Lady Sysonby (died 1955) who was christened Victoria Lily but went by the name of Ria, was a British cookbook author with an 'eager and unconventional mind' whose recipes were popular during the 1930s and 1940s. Her friend Osbert Sitwell described her book Lady Sysonby's Cookbook as 'varied, historic, traditional, and not intended for the rich man's table alone'.
Lady Sysonby Wikipedia
Ria Sysonby (born Victoria Lily Hegan Kennard, the daughter of Colonel Hegan Kennard) said that she took no particular interest in cookery until she got married, on 17 May 1899, to Frederick Ponsonby, 1st Baron Sysonby, the private secretary to Queen Victoria and later to Edward VII. She decided, she said, to study cookery 'in a practical way', helped by a collection of recipes inherited from her great-grandmother, her grandmother and mother. Her recipe collection was first published in 1935, the year of her husband's death. Despite their position in the higher echelons of British society, the family were 'never particularly well' off, according to The Oxford Dictionary of National Biography and at one point had to withdraw their daughter from boarding school because they could not pay the fees. Unlike other upper-class food writers of the interwar years, such as Agnes Jekyll, Ria Sysonby needed the money that her cookbook brought her. But her love of food was wholly genuine, recalled her friend Lord Esher after her death, in a letter to The Times. He remembered her 'exquisite cookery', her 'original and charming personality' and that she demanded 'quality in everything around her'.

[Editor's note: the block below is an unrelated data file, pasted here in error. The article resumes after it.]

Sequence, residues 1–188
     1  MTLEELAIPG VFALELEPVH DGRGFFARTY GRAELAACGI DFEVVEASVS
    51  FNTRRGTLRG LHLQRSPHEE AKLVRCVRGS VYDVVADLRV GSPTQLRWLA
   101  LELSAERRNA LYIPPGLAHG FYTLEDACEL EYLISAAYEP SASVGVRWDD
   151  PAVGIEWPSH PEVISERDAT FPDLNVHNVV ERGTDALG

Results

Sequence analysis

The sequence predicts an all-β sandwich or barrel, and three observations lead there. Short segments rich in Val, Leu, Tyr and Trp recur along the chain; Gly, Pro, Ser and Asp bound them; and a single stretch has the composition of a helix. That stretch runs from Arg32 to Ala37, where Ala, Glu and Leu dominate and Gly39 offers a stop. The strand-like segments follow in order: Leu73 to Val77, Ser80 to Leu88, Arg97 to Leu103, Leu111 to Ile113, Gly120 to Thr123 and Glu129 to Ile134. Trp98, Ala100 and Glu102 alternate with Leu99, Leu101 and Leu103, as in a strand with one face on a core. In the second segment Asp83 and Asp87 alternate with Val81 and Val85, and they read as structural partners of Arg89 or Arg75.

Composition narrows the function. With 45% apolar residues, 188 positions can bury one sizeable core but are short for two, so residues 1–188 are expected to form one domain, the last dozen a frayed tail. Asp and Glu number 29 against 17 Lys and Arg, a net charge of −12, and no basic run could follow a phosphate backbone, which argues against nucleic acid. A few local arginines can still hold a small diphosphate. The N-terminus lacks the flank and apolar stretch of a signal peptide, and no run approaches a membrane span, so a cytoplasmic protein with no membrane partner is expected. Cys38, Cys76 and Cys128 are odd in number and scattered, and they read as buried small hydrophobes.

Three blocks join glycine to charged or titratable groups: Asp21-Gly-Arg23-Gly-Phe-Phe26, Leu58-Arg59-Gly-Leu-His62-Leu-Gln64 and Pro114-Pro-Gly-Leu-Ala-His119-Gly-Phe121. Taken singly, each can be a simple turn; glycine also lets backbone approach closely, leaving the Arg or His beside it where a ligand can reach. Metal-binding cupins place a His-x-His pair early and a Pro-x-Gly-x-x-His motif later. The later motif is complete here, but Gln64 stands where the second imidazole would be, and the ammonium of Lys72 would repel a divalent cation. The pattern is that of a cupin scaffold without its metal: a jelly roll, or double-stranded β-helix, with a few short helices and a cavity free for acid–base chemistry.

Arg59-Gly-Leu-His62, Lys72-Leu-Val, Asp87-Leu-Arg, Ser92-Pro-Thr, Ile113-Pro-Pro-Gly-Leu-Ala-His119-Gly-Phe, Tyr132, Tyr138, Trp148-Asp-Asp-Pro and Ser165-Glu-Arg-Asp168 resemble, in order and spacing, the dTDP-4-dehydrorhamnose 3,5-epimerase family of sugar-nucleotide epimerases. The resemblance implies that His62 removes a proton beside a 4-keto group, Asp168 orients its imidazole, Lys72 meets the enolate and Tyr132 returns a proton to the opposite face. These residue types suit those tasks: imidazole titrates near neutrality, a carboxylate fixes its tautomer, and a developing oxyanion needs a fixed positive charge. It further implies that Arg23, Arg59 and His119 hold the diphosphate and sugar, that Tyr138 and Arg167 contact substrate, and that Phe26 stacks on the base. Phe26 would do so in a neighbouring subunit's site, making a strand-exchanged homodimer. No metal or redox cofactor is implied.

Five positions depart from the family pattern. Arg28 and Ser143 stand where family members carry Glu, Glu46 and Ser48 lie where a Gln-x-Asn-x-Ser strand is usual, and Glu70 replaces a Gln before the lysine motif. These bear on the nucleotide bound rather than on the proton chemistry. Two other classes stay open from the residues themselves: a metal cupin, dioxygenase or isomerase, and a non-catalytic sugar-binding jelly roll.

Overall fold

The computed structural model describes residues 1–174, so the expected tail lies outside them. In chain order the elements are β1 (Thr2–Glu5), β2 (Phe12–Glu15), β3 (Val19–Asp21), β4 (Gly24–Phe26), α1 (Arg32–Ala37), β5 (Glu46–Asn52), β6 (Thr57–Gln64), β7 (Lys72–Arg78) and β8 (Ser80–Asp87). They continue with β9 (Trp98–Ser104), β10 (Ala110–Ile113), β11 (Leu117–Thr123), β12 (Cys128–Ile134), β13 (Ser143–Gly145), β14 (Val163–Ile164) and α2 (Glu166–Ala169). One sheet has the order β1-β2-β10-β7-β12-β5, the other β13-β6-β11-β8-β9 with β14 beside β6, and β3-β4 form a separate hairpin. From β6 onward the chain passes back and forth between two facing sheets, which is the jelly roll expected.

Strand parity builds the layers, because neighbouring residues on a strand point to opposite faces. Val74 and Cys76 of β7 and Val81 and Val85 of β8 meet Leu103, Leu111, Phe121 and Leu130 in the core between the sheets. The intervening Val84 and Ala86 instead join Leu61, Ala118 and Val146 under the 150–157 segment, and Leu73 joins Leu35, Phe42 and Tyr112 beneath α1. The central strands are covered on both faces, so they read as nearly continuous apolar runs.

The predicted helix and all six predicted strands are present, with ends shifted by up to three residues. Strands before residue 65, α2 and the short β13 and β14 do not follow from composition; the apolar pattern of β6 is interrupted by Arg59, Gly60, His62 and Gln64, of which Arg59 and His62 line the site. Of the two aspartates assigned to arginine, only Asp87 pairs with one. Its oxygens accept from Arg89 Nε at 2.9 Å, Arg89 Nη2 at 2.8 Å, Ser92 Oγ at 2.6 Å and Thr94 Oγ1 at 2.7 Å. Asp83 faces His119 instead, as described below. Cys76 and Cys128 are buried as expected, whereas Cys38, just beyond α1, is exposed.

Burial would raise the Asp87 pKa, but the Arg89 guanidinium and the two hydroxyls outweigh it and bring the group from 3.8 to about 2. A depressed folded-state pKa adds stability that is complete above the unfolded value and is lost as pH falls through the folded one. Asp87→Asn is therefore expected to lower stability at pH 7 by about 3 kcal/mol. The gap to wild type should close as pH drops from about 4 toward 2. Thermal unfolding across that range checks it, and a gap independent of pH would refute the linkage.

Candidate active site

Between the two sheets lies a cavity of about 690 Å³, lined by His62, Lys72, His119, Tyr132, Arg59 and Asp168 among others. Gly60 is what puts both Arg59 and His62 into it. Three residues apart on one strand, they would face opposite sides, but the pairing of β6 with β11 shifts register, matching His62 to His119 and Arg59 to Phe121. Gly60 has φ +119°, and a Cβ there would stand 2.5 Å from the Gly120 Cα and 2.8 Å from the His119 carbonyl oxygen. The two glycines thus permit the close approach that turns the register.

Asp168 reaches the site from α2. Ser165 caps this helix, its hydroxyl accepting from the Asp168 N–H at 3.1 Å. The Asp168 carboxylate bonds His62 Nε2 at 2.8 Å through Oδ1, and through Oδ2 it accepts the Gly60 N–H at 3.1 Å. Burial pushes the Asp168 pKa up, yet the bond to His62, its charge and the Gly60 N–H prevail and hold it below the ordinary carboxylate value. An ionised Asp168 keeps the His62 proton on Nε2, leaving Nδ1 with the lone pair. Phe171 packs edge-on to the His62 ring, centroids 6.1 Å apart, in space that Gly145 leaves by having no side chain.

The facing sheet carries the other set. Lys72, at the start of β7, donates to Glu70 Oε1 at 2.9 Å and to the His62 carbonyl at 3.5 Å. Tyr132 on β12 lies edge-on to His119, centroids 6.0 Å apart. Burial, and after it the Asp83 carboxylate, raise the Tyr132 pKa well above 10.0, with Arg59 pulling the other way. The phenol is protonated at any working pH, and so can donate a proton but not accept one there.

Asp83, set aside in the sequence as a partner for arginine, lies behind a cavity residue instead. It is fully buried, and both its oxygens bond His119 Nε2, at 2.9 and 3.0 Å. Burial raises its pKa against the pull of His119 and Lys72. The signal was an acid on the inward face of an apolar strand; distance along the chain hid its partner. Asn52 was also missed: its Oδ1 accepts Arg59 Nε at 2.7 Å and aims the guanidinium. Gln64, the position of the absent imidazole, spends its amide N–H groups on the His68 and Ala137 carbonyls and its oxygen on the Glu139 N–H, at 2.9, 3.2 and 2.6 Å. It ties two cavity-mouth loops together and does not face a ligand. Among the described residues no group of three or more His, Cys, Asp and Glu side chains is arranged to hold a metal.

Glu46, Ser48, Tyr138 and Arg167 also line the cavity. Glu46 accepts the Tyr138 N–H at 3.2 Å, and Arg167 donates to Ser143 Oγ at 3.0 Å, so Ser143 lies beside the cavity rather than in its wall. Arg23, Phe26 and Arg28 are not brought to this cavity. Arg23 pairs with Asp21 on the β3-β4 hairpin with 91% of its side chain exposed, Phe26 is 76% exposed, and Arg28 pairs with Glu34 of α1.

She and her husband ( who went by the nickname 'Fritz') had two children: Edward Ponsonby, 2nd Baron Sysonby, and Loelia Lindsay, who married and divorced the second duke of Westminster. Lady Sysonby served 1916-18 in the French Red Cross in France as a Canteen Worker (two medals). Ria Sysonby died in 1955, after having endured 'manifold sufferings' in her later years. She liked to say that her 'greatest triumph' was ' a caravan holiday when for ten days she did the entire cooking to the unqualified satisfaction of him who ate it' (meaning her husband Fritz).
Lady Sysonby's Cook Book - which was illustrated by Oliver Messel - includes recipes for Soup, Fish, Luncheon Dishes, Meat, Poultry and Game, Vegetables, Salads, Puddings, Savouries, Cakes, Jams and Jellies, Sauces, Sandwiches and Mixed Drinks. She was addressing an upper-middle-class audience, noting for example that 'all self-respecting households start the midday meal with a dish usually of eggs in some form or another'. In the second edition, in 1948, she addressed the question of postwar scarcity in the kitchen, noting that margarine could be used instead of fresh butter and 'top of the milk for cream'. She also included a recipe for the wartime favourite, Woolton pie, made from vegetables, white sauce, Bovril and a 'small pinch of ginger'. Her recipes came from a surprisingly wide range of countries: New Zealand raspberry jam, Hungarian chocolate, Italian gnocchi ('when after a long day, you come in tired and late, this rapidly made rough gnocchi with cheese and herbs is sustaining and easy on the digestion'), Russian cabbage soup, Greek moussaka (her recipe for the latter was a concoction including potatoes, mushrooms, grated carrot and even spaghetti in place of the usual aubergine). She lamented the 'fashionable craze of slimming' and the way it caused people to wave away 'even the most delicious' of puddings, but noted that 'thanks to the war, and the even worse restrictions now, nature has done the thinning for us!'.